Table of Contents
Hey everyone! Am I excited for Shadows over Innistrad Remastered? Yes SIR! I promise that’s the only time I will use that admittedly terrible joke. For those who don’t know, I am a huge fan of the horror genre. That means that every trip back to Innistrad allows me to combine two of my favorite hobbies into one gloriously dark adventure.
Since it is a remastered set, we’re going to be switching it up a bit from our normal coverage. We’ll still have most of the typical articles, but I’m doing this overview instead of individually reviewing all of the cards. It is going to be covering the relevant changes from when the sets were originally out and how they will affect the limited environments we’ll be playing them in. Don’t panic, you’ll still end up getting a draft guide and all the other goodies.
We’ll start out by zooming all the way out to the basics. It is a 302-card set (including 15 basic lands) that is a combination of Shadows over Innistrad and Eldritch Moon. Considering that Shadows was 297 cards on its own, that means that many cards ended up on the cutting room floor. There were also plenty of rarity shifts to help balance it for limited. Of course, I also need to mention the Shadows of the Past bonus sheet which we’ll jump right into.
Shadows of the Past
The most significant change is the addition of the Shadows of the Past “Mystical Archive” cards from the original Innistrad block sets. One of the major problems with online limited is that it gets stale quicker because of the sheer number of drafts that you can play. I love this attempt to alleviate that issue by having a rotating subset of cards to keep the drafts certified fresh.
You might think that changing out twenty four cards per pod doesn’t sound like a massive change, but I can assure you that it is going to make a huge difference. Almost all of the cards are at least above average playables with some real stars like Spider Spawning (I know everyone is chomping at the bit to force that one), Snapcaster Mage, and Huntmaster of the Fells.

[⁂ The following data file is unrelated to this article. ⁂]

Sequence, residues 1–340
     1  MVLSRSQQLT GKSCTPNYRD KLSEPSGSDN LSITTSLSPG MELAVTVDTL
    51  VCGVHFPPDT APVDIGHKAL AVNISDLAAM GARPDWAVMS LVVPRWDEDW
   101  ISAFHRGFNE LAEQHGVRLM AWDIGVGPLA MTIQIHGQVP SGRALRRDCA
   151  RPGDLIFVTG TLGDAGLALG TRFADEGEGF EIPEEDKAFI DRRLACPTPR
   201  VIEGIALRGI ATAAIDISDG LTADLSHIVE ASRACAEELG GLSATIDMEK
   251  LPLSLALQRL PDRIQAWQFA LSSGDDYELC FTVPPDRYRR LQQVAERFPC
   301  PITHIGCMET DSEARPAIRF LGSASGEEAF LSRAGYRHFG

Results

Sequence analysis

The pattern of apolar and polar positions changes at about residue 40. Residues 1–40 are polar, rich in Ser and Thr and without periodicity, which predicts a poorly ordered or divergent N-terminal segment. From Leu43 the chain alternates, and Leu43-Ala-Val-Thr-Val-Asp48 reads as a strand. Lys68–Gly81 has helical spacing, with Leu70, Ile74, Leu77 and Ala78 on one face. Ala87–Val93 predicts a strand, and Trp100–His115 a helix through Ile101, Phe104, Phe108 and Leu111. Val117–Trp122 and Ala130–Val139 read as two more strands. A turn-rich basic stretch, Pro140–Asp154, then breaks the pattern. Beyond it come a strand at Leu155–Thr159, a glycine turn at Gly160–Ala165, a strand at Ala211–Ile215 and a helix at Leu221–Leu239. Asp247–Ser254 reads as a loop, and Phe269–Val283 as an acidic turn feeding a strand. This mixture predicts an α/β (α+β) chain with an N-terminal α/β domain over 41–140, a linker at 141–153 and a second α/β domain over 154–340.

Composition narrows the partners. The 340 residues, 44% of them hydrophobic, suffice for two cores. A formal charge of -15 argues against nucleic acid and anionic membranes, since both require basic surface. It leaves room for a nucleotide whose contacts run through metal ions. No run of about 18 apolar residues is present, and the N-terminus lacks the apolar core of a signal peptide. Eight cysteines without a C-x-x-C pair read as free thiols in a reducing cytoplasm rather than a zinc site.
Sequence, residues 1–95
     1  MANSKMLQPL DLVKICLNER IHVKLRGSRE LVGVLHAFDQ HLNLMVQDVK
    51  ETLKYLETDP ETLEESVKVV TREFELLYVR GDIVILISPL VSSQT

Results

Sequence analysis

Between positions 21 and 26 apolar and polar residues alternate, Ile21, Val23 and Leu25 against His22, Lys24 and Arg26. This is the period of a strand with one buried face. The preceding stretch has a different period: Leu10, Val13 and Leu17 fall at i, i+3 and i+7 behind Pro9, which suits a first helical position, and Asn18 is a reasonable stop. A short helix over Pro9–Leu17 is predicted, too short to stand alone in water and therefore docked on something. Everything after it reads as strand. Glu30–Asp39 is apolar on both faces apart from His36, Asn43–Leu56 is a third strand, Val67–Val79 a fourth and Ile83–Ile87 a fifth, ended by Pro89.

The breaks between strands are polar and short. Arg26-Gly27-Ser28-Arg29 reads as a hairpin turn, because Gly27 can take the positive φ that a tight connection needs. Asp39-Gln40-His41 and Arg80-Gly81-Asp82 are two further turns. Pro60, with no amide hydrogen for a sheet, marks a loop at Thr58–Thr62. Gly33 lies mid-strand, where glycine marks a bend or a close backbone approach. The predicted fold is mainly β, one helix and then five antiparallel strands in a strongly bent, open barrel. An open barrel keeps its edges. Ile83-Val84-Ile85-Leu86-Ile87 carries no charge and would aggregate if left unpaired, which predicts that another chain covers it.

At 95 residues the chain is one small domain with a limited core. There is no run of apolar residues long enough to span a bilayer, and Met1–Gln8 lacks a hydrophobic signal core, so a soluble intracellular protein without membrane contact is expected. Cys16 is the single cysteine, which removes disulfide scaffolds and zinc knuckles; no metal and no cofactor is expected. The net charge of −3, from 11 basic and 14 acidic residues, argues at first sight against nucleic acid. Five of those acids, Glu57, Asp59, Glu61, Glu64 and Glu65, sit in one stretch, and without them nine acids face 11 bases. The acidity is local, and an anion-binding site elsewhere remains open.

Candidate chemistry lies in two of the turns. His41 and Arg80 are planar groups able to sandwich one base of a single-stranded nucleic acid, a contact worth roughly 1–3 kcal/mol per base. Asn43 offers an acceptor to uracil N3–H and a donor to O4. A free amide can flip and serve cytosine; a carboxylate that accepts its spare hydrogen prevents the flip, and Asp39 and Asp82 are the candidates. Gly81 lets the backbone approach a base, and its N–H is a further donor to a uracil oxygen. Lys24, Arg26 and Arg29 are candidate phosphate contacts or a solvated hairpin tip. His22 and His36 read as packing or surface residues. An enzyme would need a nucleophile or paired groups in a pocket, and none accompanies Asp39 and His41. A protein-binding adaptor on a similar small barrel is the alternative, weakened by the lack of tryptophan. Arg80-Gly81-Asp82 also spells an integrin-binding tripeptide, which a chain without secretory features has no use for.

The Shadows of the Past webpage specifically says that card images may be versions not present in the product, but rather representative of cards you’ll find. That means that as I am writing this, we’re not sure of the rarity of any of the cards on the bonus sheet. If they have an even distribution in draft packs that would put an average of 1.33 of each card per pod for the first three themes and one of each card for the Abominable All Stars! theme.
Since each of the rotations has a theme, it means that a different set of archetypes will be receiving a bump up while that one is active. For example, delirium decks with self-mill are going to be much better with the Fatal Flashback! theme going. You should probably write that one down since that is going to be the active one during the Arena Open.
It kicks off with Creature Type Terror! which is based around tribal effects before shifting into the aforementioned Fatal Flashback! theme. The third one is Morbid and Macabre! which will be focused on death and sacrifice triggers. It all wraps up with Abominable All Stars! whose theme is basically being an all-star team of iconic cards.
Commons Upshifted to Uncommons
There were only seven cards that got upshifted from common to uncommon. We are mostly looking for what archetypes are going to be affected by having fewer of their key cards available. With the focus on the set building being around limited, it feels like they were trying to have longer, more interactive games with these changes.
I would say that red got the seriously short end of the stick when it came to this exchange. Thermo-Alchemist being on the list really takes away from the ability to build the red “burn em out” deck unless you somehow end up with multiples. Fiery Temper facing the same fate doubles down on that problem for red by taking away what was potentially its best common. They even shifted Uncaged Fury up to make the surprise kills that much harder to pull off.